Considering a Switch to Organic Livestock?

Purdue Web site can help you make the transition.

Published on: Apr 2, 2009

Livestock producers who find organic production an entirely different animal than what they're used to can now turn to a Purdue University resource for help.

The Organic and Alternative Livestock Production Systems Web site provides a wealth of management and production tips for transitioning into the growing industry segment.

The Web site is located at  

"This Web site is geared toward providing producers the information they need to get started in not only organic livestock production, but also grass-fed beef and pasture-raised pork and poultry, as well," says Paul Ebner, Purdue Extension animal sciences specialist and the Web site's coordinator. "Producers will learn what changes they will need to make to their existing practices to raise U.S. Department of Agriculture-certified organic livestock, the kinds of feed that are allowable under the USDA standard and how to properly process organic livestock.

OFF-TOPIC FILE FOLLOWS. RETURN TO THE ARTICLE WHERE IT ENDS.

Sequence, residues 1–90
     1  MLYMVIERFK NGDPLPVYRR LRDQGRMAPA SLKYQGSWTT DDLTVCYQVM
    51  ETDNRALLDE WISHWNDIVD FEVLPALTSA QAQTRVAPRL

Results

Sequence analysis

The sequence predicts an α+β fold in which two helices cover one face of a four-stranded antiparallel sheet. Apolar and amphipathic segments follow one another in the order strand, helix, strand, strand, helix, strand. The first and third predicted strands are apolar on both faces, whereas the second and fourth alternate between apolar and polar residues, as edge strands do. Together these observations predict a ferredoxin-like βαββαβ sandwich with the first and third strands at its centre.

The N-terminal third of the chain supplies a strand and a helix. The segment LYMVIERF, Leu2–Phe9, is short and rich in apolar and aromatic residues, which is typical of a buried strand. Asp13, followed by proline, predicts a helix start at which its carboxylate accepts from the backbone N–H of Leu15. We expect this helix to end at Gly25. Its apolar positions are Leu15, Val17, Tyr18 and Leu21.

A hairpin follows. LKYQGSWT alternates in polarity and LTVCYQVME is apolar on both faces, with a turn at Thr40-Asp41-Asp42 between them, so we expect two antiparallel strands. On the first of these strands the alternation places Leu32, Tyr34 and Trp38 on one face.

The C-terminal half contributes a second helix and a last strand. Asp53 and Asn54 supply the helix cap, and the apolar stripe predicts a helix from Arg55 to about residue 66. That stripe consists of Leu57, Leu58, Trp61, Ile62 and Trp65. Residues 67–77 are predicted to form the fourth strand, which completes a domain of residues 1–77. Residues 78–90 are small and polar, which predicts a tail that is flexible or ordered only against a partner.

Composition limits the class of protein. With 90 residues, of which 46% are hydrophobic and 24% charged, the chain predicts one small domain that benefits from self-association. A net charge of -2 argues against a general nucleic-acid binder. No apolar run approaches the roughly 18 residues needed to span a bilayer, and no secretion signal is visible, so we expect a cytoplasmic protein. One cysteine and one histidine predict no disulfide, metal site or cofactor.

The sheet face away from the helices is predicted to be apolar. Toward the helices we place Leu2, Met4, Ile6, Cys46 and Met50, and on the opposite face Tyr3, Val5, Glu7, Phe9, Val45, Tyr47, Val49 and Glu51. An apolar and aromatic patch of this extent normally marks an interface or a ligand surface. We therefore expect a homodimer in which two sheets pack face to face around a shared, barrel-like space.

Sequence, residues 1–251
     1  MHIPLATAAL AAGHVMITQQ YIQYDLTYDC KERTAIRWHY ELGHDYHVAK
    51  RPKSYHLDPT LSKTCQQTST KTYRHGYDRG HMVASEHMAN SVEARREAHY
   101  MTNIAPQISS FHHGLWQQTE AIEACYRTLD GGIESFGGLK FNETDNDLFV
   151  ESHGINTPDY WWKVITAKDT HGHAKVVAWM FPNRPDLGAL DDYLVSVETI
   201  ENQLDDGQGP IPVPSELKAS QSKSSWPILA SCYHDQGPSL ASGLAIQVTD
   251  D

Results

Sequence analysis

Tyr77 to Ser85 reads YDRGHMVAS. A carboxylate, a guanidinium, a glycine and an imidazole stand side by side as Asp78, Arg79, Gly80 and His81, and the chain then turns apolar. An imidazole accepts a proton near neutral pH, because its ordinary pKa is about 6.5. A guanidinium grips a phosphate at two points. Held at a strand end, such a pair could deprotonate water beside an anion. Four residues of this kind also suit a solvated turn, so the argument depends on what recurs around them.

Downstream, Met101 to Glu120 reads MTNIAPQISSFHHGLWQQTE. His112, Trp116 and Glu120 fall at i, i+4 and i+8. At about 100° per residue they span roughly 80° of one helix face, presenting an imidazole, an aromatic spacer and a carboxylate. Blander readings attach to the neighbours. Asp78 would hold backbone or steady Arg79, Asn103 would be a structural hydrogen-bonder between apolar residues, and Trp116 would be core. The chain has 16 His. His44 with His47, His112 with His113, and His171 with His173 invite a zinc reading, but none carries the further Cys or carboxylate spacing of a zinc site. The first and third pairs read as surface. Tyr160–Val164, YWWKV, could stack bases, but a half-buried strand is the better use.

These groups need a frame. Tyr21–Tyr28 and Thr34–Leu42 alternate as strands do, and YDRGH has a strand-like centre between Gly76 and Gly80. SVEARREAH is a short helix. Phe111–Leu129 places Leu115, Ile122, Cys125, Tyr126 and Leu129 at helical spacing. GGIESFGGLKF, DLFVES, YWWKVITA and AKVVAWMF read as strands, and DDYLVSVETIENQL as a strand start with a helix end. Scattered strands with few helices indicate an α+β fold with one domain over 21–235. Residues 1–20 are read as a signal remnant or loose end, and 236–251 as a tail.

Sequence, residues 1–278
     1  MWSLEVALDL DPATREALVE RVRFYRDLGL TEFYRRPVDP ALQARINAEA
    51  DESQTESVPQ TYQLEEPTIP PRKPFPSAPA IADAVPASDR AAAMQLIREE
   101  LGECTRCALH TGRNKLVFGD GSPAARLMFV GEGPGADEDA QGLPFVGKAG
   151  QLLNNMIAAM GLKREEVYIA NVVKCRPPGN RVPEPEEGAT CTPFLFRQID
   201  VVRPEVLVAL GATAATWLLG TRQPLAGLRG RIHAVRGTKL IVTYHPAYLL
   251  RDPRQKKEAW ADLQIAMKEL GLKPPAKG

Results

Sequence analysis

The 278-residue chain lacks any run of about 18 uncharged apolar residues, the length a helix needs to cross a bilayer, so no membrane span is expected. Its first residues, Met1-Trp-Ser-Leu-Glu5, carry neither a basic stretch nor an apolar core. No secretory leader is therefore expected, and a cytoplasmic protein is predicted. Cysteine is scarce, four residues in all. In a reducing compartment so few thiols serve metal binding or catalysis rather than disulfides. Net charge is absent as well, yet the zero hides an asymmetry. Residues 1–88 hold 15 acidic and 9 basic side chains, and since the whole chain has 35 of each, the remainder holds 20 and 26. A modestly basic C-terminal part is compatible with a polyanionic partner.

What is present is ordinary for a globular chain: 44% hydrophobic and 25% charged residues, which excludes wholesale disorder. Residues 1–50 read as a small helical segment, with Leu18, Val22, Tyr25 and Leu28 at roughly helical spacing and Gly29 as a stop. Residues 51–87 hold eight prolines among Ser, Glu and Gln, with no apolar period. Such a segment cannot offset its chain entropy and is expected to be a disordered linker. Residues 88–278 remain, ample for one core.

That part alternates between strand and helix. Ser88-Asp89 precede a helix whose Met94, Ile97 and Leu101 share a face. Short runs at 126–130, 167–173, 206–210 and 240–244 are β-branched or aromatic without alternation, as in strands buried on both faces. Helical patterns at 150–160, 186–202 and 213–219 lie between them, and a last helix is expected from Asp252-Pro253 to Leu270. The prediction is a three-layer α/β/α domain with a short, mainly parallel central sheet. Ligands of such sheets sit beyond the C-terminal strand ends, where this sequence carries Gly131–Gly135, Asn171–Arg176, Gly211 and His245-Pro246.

"In the consumer section we talk about reading organic food labels and the differences between organic and grass-fed livestock," he says. "There's also a featured producer section, where Web site visitors can watch a video documentary about a producer using organic or alternative production methods."

Visitors can download fact sheets, Extension publications, PowerPoint presentations and videos through the site's YouTube channel PurdueOrganic, Ebner says. The Web site also has a weblog that provides daily news from around the world on organic and alternative livestock production.

The USDA defines organic livestock as animals that have consumed feed or grass grown without certain fertilizers and chemical applications, given access to the outdoors and not treated with antibiotics or growth hormones. Food products carrying a USDA organic label can consist of between 70% and 100% organically produced ingredients, and are labeled as such.

The ag census reported 20,437 farms with organic production in the United States, with total sales of $1.7 billion. "It takes some work but organic and alternative livestock production can be very rewarding. These types of products usually demand premium prices," Ebner says.